I get that we are establishing this to be a brutal world where no weakness can be shown. Fine. But you're still trying to create drama that appeals to an audience that does not live in that world. When a character kills like it's goin' out of style, do not ask me to sympathize when they themselves - or someone close to them - is being threatened with death. 'Cos that just makes them hypocrites. They're saying "This is the only death anyone should care about because this one adversely affects me." And again, that's fine if we're supposed to laugh at this character or consider them a selfish bellend, but not in a protagonist in a serious work. In that case one would expect this behavior to eventually bite them in the arse and be a flaw they need to overcome.
So yes, I think my problem with The Last Of Us and Uncharted is that they're too easy-going with death. And not just in cases of murder; characters are a little too eager to put themselves in mortal danger, and on a couple of occasions, off themselves directly. You must realize, death is something that carries a lot of weight and in a dramatic work, you have to let that weight show. You're not just removing an inconvenience, here, you're destroying a consciousness, everything that he or she ever was, is or will be, and destroying the lives of their dependents. Forgive me for being so condescending as to feel I have to explain what death is to an adult audience, but from some attitudes I've seen in grown adults, I really do wonder.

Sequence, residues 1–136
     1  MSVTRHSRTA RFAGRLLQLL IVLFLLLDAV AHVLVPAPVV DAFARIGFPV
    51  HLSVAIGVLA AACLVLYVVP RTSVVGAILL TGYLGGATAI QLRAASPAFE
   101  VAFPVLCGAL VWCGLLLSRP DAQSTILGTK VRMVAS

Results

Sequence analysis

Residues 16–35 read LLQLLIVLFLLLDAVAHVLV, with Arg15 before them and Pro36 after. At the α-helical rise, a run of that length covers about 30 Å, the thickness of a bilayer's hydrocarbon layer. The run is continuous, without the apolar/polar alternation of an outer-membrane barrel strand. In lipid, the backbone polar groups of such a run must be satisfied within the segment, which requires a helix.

I mean, I'm against the death penalty not necessarily out of sympathy for murderers. I'm against it because (1) I believe in a justice system that puts victim compensation first, rehabilitation second, and punitive revenge as distant a third as it could possibly get. And (2) because death is a line that cannot be uncrossed, and is something we are hardwired to desperately avoid. If you establish to someone that they will be killed if they are caught, they will do anything to avoid that, because things cannot possibly get worse. To a man who has committed a murder, it makes more sense to try to kill everyone who could possibly get him convicted rather than turn himself in; at least that presents a slim chance of survival.
A saying I'm fond of is "Blame the audience, not the author". Rather than consider games full of killing to be in the wrong, here, I might invite you to consider what is wrong with our society that such games find a large audience. Why are we all so keen on death? Could it be that everyone, deep down, shares my belief that the only quick solution for humanity's problems is to kill a random sampling of about one half to two thirds of the world's population, grind up their meat and feed it to the remainder?
And before you say anything, of course it'd be a humane slaughter, and of course I'd include myself in the lottery, I'm not a monster. Knowing I'm going to be fed to starving children? I'd relish that. 'Cos for whatever remained of my life, you would not be able to guilt me into shit. "Do you care about the environment, sir?" "Sorry, can't donate, I'm off to gorge myself at the pancake house. It's for the kids."